Welcome to our "Harry Potter"/"Twilight" point-counterpoint on the two franchises' supercouples. Who's more epic: Hermione and Ron, or Edward and Bella? Sandie Angulo Chen makes the case for "Harry Potter" sweethearts Ron and Hermione below; Ryan McKee defends "Twilight" lovers Edward and Bella here.
I read the entire "Twilight" series, and unlike many in the Potter fandom, I'm no Twi-hater. I get it: Edward's "perfect," Bella's an everygirl, and it's love at first sight -- or first scent, in the case of cradle-robbing vamp (he's what, 107, to her 16?).
But once you realize that Ron and Hermione (Rupert Grint and Emma Watson) are destined to be together, their relationship becomes the romantic focus of J.K. Rowling's way-more-awesome-than-"Twilight" saga "Harry Potter." Years of unresolved sexual tension, sacrifice, verbal sparring, jealousy and best-friendship -- not to mention one unforgettable kiss -- make Ron and Hermione an epic couple, no matter what my "Twilight"-devoted colleague Ryan McKee claims.
I'd rather re-read and re-watch (I know, I've seen "Harry Potter and the Deathly Hallows - Part 2" already) Ron and Hermione's single mid-battle snog than any of Edward and Bella's repetitive kisses.
Unlike Bella and Edward, Ron and Hermione grew up together. No, they don't declare their love for each other the moment they meet on the Hogwarts Express; they're only 11 and 12! As First Years, she tells him his spell-work is wrong, and he calls her a know-it-all, but for all their fighting, they quickly become loyal, if combative, friends. He's her white knight, sacrificing himself on the chessboard, defending her from toxic bullies, and rescuing her from Malfoy Manor. She's his always brilliant witch, and together they fight at Harry's side, eventually mirroring his parents as the pureblood wizard and muggleborn witch who fall in love.
Love at first sight is exciting, but the "friends who become lovers" archetype is filled with an overpowering sexual tension and charged chemistry that's even more delicious. Through thousands of pages (depending on when you started rooting for Harry's BFFs to eventually snog each other senseless), fans witness Ron defending and protecting Hermione, and Hermione challenging and inspiring Ron -- and both of them quarreling until they're hot and bothered. Anyone with eyes can see they're meant for each other, so by the time they share that all-consuming, adrenaline-fueled kiss in "Deathly Hallows," it's a no-brainer they'll get married and have their own kids to send off to Hogwarts.
Like younger versions of the couples in screwball comedies, Ron and Hermione sublimate their desire by resorting to passionate bickering. No one can push the other's buttons like they do, and they just can't get enough (even if they're too young to fully understand what they're doing). Somewhere between Hermione's Yule Ball with Krum in "Goblet of Fire" and Ron's snogfest with Lavender in "Half-Blood Prince," the whole of Hogwarts can tell that these two just need to be alone in the Room of Requirement once and for all. They might not lock lips until the final installment, but all those previous looks, hugs, touches are crackling with romantic energy.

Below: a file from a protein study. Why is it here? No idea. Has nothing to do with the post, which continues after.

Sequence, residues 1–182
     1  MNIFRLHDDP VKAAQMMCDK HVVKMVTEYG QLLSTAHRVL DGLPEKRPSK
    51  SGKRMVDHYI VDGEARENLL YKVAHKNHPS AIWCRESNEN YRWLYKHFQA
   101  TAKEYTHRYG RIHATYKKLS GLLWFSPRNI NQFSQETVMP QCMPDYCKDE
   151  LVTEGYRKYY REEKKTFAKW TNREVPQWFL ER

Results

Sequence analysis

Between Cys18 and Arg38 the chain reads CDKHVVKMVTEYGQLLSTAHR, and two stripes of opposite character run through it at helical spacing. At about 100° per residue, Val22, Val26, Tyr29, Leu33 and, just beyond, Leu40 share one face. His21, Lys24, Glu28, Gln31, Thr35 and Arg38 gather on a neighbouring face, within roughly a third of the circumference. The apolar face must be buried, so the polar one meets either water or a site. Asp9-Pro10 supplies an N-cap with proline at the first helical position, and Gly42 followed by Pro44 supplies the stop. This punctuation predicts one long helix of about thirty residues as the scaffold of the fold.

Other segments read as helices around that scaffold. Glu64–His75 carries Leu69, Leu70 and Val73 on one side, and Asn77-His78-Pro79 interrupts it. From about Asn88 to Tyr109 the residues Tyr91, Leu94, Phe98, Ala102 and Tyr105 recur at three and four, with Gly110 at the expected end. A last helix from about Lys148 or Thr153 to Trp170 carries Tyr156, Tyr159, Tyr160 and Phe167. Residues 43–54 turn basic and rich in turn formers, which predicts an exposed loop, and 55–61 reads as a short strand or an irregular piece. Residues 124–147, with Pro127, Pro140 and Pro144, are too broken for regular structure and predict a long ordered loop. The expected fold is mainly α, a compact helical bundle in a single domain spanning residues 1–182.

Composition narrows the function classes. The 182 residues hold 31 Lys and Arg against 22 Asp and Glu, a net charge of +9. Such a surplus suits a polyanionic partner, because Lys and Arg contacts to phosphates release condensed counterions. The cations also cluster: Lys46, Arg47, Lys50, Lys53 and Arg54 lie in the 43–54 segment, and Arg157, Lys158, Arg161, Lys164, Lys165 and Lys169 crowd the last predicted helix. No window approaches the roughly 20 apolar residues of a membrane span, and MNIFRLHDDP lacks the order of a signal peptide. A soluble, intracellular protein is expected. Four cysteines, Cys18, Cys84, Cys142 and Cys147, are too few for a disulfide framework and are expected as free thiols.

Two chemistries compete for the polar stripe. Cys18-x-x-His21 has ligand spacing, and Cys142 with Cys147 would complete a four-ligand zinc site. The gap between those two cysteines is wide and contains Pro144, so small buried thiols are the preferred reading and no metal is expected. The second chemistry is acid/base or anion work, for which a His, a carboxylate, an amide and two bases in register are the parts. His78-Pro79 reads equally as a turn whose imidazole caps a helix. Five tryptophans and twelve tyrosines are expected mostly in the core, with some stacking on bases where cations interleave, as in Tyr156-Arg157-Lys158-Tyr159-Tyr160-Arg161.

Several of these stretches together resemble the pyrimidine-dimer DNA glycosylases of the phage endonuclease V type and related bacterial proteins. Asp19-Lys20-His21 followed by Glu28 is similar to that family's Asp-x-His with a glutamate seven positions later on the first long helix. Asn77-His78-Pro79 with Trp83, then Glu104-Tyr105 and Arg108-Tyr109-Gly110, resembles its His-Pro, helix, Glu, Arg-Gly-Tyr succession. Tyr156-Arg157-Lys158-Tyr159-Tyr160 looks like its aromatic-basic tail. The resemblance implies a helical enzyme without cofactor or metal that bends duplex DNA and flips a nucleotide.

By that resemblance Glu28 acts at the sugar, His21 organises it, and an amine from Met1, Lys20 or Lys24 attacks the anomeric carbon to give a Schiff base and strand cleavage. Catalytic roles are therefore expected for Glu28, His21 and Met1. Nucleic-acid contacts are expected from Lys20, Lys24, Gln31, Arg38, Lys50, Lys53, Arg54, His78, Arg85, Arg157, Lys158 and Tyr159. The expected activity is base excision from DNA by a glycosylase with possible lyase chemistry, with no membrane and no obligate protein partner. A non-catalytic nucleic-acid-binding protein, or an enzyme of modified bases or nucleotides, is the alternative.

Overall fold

Relatability to Fans
The definition of relatability is "enabling a person to feel that they can relate to someone or something." Except for meeting in high school, Bella and Edward's obsessive supernatural relationship is unrelatable (and easily perceived as unhealthy and stalkerish), whereas most of us have fallen hard for a close friend. It's practically a rite of passage, and it's the reason so many "Twilight" readers (yours truly included) are firmly on Team Jacob (although his killer abs don't hurt). Ron and Hermione are the romantic pairing of the "Harry Potter" series, and their "friends to more" story has had countless of fans since the moment Ron coughed up slugs defending Hermione's honor.
Likeness to Other Epic Couples
I just know Ryan is going to play the Romeo and Juliet card, but Bella and Edward vampire-pale in comparison. Regardless, Ron and Hermione are in amazing company. Other couples who grew from bantering friends to sizzling couples include Ross and Rachel, Jim and Pam, Emma and Knightley, Mary Jane and Peter Parker -- even the animated Kim Possible and Ron Stoppable (to name a few). As for couples who bickered their way through sexual tension, there's Harry and Sally, Elizabeth and Darcy, Benedick and Beatrice, Scarlett and Rhett, and Sam and Diane.
Ron and Hermione are epic -- and not just because it's been an epic wait to finally (finally!) see their "now or never" moment. They meet as children from vastly different worlds and grow into best friends who battle Dementors, Death Eaters, werewolves, dragons, even You Know Who himself.
For years, they banter and argue, joke and laugh, protect and defend, and not-so-secretly fall in love while helping their best mate save the universe. They're the classic opposites-attract friends whom you can't wait to get together. Ryan can keep his predictable, melodramatic Romeo and Juliet wannabes. I'll take Ron and Hermione, whose magical love story is the ultimate slow burn that develops into all-consuming fire.
Read Male Twi-Hard Ryan McKee's rebuttal here.